Chef Vivian Howard’s life makes for good television.
Howard, 35, left eastern North Carolina for New York City, became a chef and wanted to open her own restaurant. Her father, a successful hog farmer, offered to help her financially but there was a catch: She had to open her restaurant in Kinston.
A new series, “A Chef’s Life,” premieres at 9:30 p.m. Thursday on UNC-TV. The show documents the travails of Howard and her husband, Ben Knight, as they try to make a success of their upscale restaurant, Chef and the Farmer, in a struggling former tobacco town.
The series is part documentary, part cooking show, part chronicle of rural North Carolina food traditions. The show is getting attention nationally. PBS stations all across the country, including New York, Los Angeles, Chicago and Seattle, are airing “A Chef’s Life” this fall.
That’s in part due to the quality of the storytelling by the show’s producer, Cynthia Hill, a documentary filmmaker whose previous work tackled such topics as tobacco farming, guest workers and domestic violence. Hill’s partner, Rex Miller, is the director of photography.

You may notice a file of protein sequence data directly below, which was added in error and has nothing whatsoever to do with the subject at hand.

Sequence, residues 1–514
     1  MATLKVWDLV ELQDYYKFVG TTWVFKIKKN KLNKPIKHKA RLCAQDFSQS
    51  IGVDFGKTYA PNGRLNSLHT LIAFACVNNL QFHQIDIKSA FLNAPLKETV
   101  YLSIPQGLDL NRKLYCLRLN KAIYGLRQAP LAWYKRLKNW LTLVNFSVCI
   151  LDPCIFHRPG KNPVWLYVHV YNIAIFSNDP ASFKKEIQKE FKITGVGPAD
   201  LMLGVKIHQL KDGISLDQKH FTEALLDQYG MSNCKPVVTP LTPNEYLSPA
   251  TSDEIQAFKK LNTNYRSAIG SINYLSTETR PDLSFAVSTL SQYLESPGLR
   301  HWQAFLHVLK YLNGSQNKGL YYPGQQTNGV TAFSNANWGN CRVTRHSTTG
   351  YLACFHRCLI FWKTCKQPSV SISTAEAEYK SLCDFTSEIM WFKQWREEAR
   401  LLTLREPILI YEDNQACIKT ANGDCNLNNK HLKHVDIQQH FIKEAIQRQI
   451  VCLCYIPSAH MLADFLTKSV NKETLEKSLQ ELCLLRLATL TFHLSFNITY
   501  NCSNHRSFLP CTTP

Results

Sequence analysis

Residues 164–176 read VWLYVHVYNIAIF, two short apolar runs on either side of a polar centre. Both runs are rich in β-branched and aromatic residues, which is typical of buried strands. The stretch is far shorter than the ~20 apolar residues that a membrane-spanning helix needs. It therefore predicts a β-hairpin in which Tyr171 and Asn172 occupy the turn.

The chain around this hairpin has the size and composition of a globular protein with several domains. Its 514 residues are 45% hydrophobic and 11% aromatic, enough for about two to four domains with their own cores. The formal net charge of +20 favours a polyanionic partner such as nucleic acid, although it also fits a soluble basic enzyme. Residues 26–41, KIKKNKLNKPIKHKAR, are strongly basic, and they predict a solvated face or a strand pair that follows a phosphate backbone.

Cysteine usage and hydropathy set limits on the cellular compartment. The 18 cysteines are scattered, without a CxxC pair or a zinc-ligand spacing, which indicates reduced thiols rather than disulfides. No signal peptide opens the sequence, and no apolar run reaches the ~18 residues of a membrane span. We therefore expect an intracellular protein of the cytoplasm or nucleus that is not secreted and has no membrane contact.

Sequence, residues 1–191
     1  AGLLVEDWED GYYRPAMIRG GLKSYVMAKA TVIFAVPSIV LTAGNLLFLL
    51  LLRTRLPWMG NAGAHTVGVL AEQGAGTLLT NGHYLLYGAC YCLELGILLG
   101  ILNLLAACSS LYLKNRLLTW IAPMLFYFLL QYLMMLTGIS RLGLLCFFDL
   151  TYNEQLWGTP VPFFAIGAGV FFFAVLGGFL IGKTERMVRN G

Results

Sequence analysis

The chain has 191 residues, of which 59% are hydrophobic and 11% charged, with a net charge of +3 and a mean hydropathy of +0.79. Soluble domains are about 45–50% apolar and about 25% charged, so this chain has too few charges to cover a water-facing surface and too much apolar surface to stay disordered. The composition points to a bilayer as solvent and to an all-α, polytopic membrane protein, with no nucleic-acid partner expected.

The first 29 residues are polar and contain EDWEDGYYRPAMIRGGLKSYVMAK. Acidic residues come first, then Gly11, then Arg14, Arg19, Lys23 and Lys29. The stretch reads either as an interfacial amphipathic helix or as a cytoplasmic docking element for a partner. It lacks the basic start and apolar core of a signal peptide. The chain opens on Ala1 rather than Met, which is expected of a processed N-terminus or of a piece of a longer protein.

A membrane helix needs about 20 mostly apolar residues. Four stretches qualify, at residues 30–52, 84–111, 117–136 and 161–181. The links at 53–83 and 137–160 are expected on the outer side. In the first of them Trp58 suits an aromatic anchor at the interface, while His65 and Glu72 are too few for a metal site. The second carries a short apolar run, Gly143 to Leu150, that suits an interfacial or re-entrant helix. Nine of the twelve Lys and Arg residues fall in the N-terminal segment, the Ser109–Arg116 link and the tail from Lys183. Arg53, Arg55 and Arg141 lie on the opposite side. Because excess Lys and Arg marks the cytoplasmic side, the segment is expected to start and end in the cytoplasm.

Howard and Hill are childhood friends. Howard grew up in Deep Run, a fire district outside Kinston, and Hill grew up in nearby Pink Hill, where folks in Deep Run go to shop.
“We grew up a country mile from each other,” Howard explained over lunch with Hill at Mateo Tapas in Durham last week.
The initial idea for a show came from Howard, who wanted to document some of the food traditions found in eastern North Carolina, including collard kraut. Howard’s initial call to Hill for advice led to a collaboration.
Each of the show’s 13 episodes tackles a different seasonal ingredient. Howard is shown by a home cook what's traditionally done with the ingredient; then she shows how she cooks with the same ingredient in her restaurant kitchen.
Beyond the food focus, Hill artfully introduces this young couple to the audience. Viewers learn that Howard’s parents think she charges too much for iced tea at $2 a glass, and one of her father’s best friends won’t dine at Chef and the Farmer because they don’t serve Thousand Island dressing. Viewers meet the couple’s twins, Theo and Florence, on their second birthday. And they see the couple struggle, argue and recover after a kitchen fire destroyed their restaurant in January 2012.
“It makes for really good TV,” Hill said, praising Howard and Knight for their ability to be honest and vulnerable on camera.
P.S.: Shooting for the second season is already underway.